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« James Annan on climate sensitivity | Main | Gored awful »
Friday
Feb012013

The open, transparent (ho, ho) BBC

Earlier this week, The Register made some interesting revelations about the BBC's expenditure on legal fees regarding Tony Newbery's FOI case. While the costs, at around £22,000 are somewhat lower than we had thought, although it is worth pointing out that I had a related case go all the way to the Information Tribunal, so it is plausible that the real cost of the BBC hiding the 28gate seminar details is double this. And there are the internal costs to take into account as well.

But suffice it to say that the BBC is spending a lot of money to avoid being transparent.

Which is why I was particularly interested in this excerpt from a report entitled "Ender Analysis - Media & Telecoms: 2013 & Beyond, part 1". It features Tim Davie the Acting Director General, BBC.

Q. You came to the Director General’s job unexpectedly, at a time when the BBC, one of the most trusted brands globally, was in some difficulty. Given your background as a marketer, how do you restore faith in a brand? Where is the faith in the BBC at the moment?

A: The first thing you should do is not worry too much about your PR programme.
The temptation is to think ‘What is our line? What is our public line?’, but the actual first question is ‘What are we doing? What is the right thing to do?’ When this works you tend to know what you are talking about, and you feel comfortable in your position. CEOs are often strapped to the three lines they are supposed to say, and as a result they struggle. So the first question we asked ourselves was ‘Are we doing the right thing?’, and the obvious answer was that our role as the BBC is to deliver quality programmes. What we need to do is not screw up, and that was my first order in the job.

But it is not only what you do, but also how you do it. The degree of transparency we have at the BBC means we have to be comfortable with the truth, and to that extent I have written to 32,000 ex-employees asking if they have any uncomfortable truths about Jimmy Savile – if they do I genuinely want to know.

The BBC is in a privileged position with £3.6 billion guaranteed income every year, and we need to pursue the right tone. I think we will achieve this through transparency and listening to what the public wants.

It's funny, because the impression you get from the 28gate affair is that the BBC wants to remain very, very private and to listen very carefully to what environmentalists want.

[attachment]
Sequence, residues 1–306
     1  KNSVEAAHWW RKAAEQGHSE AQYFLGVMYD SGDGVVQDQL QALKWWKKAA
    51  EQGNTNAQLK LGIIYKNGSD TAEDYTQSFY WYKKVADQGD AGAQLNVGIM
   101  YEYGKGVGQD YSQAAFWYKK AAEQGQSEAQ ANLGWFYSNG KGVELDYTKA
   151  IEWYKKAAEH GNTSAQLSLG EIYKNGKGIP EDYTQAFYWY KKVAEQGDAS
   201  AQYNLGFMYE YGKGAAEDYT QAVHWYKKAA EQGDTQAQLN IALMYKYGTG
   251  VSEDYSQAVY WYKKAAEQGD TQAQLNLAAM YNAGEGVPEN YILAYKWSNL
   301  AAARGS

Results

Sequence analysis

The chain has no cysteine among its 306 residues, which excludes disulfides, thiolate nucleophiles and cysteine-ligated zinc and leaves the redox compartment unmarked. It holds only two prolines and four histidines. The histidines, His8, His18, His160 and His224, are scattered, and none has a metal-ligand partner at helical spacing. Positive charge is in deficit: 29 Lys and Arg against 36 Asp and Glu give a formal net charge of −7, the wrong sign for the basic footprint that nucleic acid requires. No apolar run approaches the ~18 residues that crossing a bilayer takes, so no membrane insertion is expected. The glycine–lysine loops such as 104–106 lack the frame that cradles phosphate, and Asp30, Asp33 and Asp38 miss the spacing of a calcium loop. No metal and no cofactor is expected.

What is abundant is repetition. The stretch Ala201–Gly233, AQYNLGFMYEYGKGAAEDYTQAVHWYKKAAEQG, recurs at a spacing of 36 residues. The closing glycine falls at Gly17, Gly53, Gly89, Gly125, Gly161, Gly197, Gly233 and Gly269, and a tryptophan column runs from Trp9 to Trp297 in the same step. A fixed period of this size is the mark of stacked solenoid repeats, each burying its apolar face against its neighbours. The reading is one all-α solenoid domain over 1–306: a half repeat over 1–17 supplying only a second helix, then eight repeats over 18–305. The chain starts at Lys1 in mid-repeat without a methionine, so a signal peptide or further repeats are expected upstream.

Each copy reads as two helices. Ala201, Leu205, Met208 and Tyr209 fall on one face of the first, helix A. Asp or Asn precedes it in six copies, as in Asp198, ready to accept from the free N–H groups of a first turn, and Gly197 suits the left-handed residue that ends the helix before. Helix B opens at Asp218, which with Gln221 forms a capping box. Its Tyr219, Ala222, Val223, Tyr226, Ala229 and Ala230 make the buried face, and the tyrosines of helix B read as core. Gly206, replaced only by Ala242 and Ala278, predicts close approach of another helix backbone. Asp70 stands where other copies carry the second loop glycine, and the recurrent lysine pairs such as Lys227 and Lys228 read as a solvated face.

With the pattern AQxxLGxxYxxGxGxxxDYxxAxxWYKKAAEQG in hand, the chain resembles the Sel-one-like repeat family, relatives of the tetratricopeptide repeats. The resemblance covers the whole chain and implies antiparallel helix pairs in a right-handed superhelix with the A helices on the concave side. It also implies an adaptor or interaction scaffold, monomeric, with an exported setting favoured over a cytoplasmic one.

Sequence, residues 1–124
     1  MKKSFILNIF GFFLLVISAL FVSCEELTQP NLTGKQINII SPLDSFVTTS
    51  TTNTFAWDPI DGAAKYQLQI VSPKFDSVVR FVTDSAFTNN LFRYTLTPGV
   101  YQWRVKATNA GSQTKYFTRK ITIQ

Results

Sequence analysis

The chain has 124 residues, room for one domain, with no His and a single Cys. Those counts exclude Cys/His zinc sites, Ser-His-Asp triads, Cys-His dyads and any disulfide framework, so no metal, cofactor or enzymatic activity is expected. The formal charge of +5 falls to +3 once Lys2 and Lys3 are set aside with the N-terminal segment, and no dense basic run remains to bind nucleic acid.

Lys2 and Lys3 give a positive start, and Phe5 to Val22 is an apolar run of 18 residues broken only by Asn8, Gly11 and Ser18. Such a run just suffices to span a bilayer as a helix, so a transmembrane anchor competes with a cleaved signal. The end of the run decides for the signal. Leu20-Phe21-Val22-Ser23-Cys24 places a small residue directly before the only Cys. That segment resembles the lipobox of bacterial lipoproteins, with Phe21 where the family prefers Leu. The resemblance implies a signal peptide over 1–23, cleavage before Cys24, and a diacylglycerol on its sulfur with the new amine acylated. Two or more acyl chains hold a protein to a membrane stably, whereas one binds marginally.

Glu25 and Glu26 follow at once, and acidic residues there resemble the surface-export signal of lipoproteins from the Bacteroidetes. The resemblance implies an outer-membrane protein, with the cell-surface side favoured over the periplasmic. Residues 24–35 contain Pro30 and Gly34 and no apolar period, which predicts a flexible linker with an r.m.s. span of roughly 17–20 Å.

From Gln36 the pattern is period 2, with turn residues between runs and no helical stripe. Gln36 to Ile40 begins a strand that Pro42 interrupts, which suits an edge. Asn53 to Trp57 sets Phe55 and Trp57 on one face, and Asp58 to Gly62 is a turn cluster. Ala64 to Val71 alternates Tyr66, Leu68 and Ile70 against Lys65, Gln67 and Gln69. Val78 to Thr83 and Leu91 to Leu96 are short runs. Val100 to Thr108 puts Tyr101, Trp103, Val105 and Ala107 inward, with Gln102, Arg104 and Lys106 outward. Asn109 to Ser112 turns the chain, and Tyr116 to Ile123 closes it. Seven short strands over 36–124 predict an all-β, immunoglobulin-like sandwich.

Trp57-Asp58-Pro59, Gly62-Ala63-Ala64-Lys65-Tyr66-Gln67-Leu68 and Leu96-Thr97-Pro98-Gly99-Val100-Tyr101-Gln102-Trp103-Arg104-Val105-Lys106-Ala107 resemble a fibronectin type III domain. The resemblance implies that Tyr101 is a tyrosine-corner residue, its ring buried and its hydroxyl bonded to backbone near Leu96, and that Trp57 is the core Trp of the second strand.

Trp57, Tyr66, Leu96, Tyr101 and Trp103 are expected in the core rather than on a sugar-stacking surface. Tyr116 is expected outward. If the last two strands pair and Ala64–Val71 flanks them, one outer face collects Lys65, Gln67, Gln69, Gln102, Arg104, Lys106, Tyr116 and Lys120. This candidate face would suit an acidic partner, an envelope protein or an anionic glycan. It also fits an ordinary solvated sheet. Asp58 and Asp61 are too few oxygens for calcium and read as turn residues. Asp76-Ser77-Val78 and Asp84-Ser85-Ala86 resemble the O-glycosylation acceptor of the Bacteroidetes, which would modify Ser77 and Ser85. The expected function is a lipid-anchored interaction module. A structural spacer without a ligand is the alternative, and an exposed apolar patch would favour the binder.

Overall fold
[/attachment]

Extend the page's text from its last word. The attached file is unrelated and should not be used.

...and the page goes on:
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Reader Comments (23)

I had some brief involvement with the military a while back. And one of the things I learned was that the best way to ensure a document was widely read and pored over by many was to print 'Top Secret' in big scary red letters on the top of it.

The BBC do not seem to have learnt this lesson.

And I wonder which cause they think they are serving by spending our money to attempt to prevent us from seeing whose advice they took on a controversial and topical matter. It surely isn't 'transparency' or 'being comfortable with the truth'

The uncommitted might see them desperately trying to hide the attendee list and wonder just what was so shameful about it that it mustn't be published? While also reflecting that their actions show that they have a guilty conscience.

Feb 1, 2013 at 9:20 AM | Unregistered CommenterLatimer Alder

I have a complaint in with the BBC at the moment. It was about renewables and John Humphry's interview with Lord Oxburgh on 29/12/2012. Humphreys top and tailed the interview with the fact that Lord Oxburgh was an ex-Chairman of Shell, but failed to mention that Oxburgh had extensive interests in the renewable energy business, allowing the old "blinder played" to come across as a man of business who supported renewables for their own sake. It included a shameless attempt to rustle up support for CCS in which the good old Scouse has considerable interests.

I was at first ignored, then on objecting to being ignored I got a response from a Tanya KcKee (If the BBC is so inclusive why doesn't it ever employ anyone called Sharon?) telling me they were always disappointed when customers didn't enjoy their programmes, but the BBC always tried to do their best. Or words to that extent. I've written back asking if they could point me to anywhere in the Charter that says that the BBC can withhold information from their listeners so that they are not informed about the credentials of an interviewee.

Feb 1, 2013 at 9:37 AM | Unregistered Commentergeronimo

The total cost to the BBC was more than that, since these figures do not include the time spent by the BBC's own lawyers

The BBC's reply to the FOI request included the following.


"The majority of Freedom of Information work is carried out in-house within the BBC. Lawyers within the Information Policy and Compliance team, which deals with many aspects of FOI, do not charge out for their work and therefore no records of the time that is spent on each case are kept.

(...)